But we have to remember, in his figure paintings, that while he was painting the appleyness he was also deliberately painting out the so-called humanness, the personality, the “likeness,” the physical cliché.[…] Try as he might, woman remained a known ready-made cliché object to him […] Except his wife – and in his wife he did at least know the appelyness (206).

And what woman doesn’t want her appleyness known? Indeed, what person doesn’t long to share one’s appleyness with another? Curiously this particular painting was not to be found in any of the other books. But this was the one. This one sang sweetly right into my ear, piercing my soul. The hard floor and artificial light fell away as the apples teased, excited and calmed my heart in imperceptible turns. The joyful humor of the domesticity of the plate of biscuits, and that beautiful wall…it was love at first sight.

It was not Zola who understood what the point was; Balzac had sensed long ahead that, in painting, something so tremendous can suddenly present itself, which no one can handle. –Rainer Maria Rilke “The Cézanne Inscape”

Maybe this comes close (it certainly does if you have to pleasure to sing it, as I will this Saturday):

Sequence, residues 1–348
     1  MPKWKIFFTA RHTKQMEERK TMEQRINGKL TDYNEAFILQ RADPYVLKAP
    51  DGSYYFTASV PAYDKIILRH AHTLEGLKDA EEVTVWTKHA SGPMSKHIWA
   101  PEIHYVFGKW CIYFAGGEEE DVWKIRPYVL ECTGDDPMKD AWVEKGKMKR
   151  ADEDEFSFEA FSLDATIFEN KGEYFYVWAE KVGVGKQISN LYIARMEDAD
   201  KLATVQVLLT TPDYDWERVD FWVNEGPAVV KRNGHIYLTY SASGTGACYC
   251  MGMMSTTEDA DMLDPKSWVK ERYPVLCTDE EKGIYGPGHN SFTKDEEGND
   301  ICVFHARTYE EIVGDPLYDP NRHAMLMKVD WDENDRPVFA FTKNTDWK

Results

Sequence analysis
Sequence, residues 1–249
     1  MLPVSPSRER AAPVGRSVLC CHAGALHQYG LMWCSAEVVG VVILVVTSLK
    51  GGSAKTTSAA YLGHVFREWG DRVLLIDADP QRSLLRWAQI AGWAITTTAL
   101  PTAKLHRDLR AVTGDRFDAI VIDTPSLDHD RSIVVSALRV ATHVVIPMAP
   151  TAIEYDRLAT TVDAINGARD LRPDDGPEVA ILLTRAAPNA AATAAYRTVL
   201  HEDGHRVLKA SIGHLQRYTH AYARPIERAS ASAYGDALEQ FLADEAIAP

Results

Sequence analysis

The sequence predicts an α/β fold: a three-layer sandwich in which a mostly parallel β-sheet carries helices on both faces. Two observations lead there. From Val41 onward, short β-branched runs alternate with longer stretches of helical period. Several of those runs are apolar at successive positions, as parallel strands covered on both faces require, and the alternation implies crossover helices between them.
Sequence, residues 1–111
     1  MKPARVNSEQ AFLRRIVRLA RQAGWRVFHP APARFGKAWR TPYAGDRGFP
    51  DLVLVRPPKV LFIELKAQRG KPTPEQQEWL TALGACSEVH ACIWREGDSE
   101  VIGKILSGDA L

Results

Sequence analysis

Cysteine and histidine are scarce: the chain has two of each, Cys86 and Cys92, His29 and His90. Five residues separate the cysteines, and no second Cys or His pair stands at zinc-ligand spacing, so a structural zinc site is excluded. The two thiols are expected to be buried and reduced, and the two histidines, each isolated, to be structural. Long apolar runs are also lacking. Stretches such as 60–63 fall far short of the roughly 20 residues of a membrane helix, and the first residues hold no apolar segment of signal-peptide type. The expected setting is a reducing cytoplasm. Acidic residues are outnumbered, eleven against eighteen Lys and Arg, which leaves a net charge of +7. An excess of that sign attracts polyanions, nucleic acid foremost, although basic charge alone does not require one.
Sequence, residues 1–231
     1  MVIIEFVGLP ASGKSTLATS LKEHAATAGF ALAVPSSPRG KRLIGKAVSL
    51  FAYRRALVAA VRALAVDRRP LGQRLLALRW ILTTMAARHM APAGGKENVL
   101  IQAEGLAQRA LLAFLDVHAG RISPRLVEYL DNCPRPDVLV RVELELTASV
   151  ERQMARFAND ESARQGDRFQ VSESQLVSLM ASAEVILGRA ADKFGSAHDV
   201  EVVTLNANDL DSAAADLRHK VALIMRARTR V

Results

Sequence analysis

That appleyness is our very worth, the core of our humanity, the rounded ripe beauty of our souls. When it is discovered and felt, a sort of primordial roar is released. When we see it or hear it, the tremendous truth is awing. The veneer, cliché, and inauthentic are blasted away. The struggle to maintain what we instinctively feel in the face of cynical convention or mawkish insincerity never really ends – if we can just maintain some space of clarity within (through music, through art) so that when we come across the appelyness – we know we were right all along.

It’s the real appelyness, and you can’t imitate it. Every man must create it new and different out of himself: new and different (Lawrence 206). 

 

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Primal Urges

‘I’m sure Sandy’s mind is not on motor cars, she is paying attention to my conversation like a well-mannered girl.’
And if people take their clothes off in front of each other, thought Sandy…
-Muriel Sparks, The Prime of Miss Jean Brodie (35)

2013_roll13_apples

The Prime of Miss Jean Brodie is perhaps a book that is not widely read anymore. But that is a shame, if it’s true, because it is wonderful. The humor is subtle and tart and the story is captivating in all of its English school girl oddity.